Your suspicion and disbelief in the power of individual liberty while using that very liberty to express that disbelief requires a pretty good amount of cognitive dissonance. Yesterday I was having a discussion with my brother about government support to higher education. He was opposed to greater social support even though he is a current beneficiary of it. How is it that you can both be greatly benefited by something, and then turn around and deny that benefit to others?

    I don't think the answer is to revoke your right to free speech any more than the solution to my debate with my brother is to get the government to revoke the benefits of a public education.

    I don't really get why you keep bringing up Muslim Spain and the increased freedoms they had. The Islam of that was more enlightened and more free loving than the Christians of the time. Mormon doctrine holds that they weren't being directed by God and the Pope didn't have God's authority to act in his name. It would be a bit like me harping on about how the Persian Zoroastrians were so much better than the pagan Bedouins in Mecca in 600 AD.

    Is more freedom a good thing or a bad thing? You are arguing for less freedom, so examples from the past where there was less freedom than we have today but more in comparison to groups I don't have any direct connection with just doesn't say anything to me.

    You've really shown no appreciation for the value of individual liberty as a good, and it is impossible for me to teach such a thing. I would just suggest you read the works of Western philosophers. The rule of Monarchy and the religion of the ancient Egyptians lasted several thousand years longer than Islam, if we are not going to change because a system has been around for a long time then you make a good case against democracy. Back to the Caliphate then are we?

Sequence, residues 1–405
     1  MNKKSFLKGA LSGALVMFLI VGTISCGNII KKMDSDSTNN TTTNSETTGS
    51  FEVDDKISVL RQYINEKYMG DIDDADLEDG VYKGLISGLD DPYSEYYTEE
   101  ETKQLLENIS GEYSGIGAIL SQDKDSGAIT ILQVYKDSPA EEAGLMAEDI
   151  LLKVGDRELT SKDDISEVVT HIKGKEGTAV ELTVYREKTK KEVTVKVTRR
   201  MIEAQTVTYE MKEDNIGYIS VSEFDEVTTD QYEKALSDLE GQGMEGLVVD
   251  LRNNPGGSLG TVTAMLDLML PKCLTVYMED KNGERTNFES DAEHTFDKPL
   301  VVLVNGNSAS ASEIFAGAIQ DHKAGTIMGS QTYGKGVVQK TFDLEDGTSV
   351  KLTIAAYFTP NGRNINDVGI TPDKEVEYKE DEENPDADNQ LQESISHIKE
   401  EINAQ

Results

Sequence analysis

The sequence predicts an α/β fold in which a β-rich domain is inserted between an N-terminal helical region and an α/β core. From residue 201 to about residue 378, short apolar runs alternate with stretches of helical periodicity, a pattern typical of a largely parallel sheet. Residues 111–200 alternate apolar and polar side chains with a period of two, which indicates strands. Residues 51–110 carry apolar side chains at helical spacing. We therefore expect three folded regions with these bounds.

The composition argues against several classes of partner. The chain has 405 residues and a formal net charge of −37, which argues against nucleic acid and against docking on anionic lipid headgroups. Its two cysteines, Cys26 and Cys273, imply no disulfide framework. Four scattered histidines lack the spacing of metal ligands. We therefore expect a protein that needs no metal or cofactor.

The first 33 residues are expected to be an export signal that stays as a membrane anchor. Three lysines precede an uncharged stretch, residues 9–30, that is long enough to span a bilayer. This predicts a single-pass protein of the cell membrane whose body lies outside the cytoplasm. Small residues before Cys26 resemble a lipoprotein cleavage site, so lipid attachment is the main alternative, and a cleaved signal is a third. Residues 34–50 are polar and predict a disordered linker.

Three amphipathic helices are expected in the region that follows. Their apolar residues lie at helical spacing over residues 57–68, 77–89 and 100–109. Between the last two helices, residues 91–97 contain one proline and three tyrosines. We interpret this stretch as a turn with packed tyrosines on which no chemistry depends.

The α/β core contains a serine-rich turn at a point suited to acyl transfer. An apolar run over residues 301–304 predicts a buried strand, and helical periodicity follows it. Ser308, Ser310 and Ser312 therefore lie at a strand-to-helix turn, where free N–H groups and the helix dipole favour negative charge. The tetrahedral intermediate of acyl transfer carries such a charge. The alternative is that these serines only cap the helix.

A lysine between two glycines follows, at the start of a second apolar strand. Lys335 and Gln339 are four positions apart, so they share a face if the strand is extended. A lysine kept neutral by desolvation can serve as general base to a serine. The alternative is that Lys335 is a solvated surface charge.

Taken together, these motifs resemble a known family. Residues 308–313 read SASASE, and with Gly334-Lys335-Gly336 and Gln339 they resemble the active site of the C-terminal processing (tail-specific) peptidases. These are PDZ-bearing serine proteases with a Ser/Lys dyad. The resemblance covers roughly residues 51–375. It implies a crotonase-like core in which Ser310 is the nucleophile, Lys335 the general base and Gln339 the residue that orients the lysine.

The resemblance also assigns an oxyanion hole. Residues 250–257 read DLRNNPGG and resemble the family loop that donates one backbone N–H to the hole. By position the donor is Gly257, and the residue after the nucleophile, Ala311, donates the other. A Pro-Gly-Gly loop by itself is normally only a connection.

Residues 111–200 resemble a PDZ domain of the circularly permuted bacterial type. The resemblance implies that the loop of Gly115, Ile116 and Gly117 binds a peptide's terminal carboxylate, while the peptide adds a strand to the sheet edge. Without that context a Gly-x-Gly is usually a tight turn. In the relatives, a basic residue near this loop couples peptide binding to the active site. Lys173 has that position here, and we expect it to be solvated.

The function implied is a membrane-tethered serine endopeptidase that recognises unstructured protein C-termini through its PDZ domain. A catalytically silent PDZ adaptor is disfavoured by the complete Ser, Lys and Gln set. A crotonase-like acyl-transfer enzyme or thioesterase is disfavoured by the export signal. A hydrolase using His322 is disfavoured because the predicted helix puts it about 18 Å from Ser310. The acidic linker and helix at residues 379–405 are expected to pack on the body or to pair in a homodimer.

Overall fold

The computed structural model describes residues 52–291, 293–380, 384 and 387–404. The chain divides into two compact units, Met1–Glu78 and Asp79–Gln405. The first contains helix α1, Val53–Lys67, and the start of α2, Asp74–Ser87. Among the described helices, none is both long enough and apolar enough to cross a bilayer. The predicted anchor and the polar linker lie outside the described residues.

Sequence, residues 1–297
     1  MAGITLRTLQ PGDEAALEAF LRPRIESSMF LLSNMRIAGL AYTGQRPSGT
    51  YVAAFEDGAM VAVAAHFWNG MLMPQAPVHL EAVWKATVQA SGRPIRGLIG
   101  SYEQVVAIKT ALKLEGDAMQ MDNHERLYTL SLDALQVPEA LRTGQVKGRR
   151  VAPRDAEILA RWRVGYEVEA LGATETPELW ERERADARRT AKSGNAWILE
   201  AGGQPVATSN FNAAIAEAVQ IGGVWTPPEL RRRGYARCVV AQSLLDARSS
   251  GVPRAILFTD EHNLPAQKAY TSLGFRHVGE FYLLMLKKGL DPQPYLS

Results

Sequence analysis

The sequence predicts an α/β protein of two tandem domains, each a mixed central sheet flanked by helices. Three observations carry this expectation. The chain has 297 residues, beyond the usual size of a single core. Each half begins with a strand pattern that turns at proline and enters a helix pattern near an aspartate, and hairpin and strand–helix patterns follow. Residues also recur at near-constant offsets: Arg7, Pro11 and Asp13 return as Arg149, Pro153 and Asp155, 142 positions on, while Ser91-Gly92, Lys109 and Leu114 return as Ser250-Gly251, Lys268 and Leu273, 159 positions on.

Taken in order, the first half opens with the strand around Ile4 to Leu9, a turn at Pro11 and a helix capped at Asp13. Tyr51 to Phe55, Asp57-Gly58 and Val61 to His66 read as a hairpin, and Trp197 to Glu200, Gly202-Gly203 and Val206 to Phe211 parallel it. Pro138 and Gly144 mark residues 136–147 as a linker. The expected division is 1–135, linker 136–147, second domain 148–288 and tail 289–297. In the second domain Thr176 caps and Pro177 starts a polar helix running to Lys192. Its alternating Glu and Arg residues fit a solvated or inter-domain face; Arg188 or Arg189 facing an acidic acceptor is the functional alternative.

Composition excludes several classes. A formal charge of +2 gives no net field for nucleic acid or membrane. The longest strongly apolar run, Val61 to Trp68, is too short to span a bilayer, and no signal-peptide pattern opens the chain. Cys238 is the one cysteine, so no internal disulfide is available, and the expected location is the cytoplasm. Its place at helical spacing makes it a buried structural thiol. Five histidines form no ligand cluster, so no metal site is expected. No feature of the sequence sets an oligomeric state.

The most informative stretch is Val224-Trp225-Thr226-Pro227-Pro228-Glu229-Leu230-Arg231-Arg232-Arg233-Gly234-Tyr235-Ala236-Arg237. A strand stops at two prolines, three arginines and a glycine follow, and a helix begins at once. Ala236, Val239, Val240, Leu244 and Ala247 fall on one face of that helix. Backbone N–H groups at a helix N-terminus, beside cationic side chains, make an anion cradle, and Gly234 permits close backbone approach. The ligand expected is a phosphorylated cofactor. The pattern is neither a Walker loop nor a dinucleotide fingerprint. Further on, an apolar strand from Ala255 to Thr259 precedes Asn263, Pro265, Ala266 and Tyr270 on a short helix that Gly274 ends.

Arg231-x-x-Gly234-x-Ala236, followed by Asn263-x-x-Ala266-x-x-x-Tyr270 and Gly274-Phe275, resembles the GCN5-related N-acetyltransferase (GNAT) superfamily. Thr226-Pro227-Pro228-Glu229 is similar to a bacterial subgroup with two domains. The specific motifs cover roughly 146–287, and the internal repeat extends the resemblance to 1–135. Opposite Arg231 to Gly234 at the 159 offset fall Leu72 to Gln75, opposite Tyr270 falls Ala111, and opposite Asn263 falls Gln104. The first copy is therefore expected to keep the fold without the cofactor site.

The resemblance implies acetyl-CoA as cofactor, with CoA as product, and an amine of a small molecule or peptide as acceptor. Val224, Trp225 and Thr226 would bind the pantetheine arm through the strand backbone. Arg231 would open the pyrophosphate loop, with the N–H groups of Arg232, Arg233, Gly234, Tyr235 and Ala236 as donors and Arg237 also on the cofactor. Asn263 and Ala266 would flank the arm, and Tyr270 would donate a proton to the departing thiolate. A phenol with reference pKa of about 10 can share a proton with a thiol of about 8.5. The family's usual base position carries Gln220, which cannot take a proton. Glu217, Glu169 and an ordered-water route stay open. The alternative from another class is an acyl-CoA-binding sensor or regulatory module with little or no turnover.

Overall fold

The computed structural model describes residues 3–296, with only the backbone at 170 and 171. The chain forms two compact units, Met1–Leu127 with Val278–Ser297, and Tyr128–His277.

Re: Christmas. We aren't given a list of everything that is good or bad or what is a sin or isn't. We don't have any type of official church service on Christmas, the Sunday before or on it we usually have a special program where in my congregation the choir spends most of the type singing, and maybe a party sometime the week before, but Santa is mostly just a fun tradition for kids and we do try to emphasize the role of Christ. Basically it is up to our own judgment to not take the secular traditions too far. We have fun on Halloween as well and just don't have the same worry that people will think "trick or treat" constitutes a prayer to the devil or anything like that. And who uses real trees anymore?



  11. Ghost Chosen One

    Member Since:
    Oct 13, 2003
    star 6
    I think every adult Christian knows that Christmas isn't the real birthday of Christ, that it was really sometime in the spring, and that most of the traditions come from our pagan European ancestors.

    Some very fanatic Christians believe in celebrating Christmas without any of the "pagan" traditions, but they are a very small minority.

    None of these traditions really conflict with Christianity or celebrating the birthday of Jesus, they just add to them and help include non-Christians into the celebration (whether they be pagans from 1500 years ago, or atheists and Jews and Muslims today).



    Why would these things by a deviation in the message of God? They don't insult God, or stop people from loving God or loving each other, which is the sum of all the laws.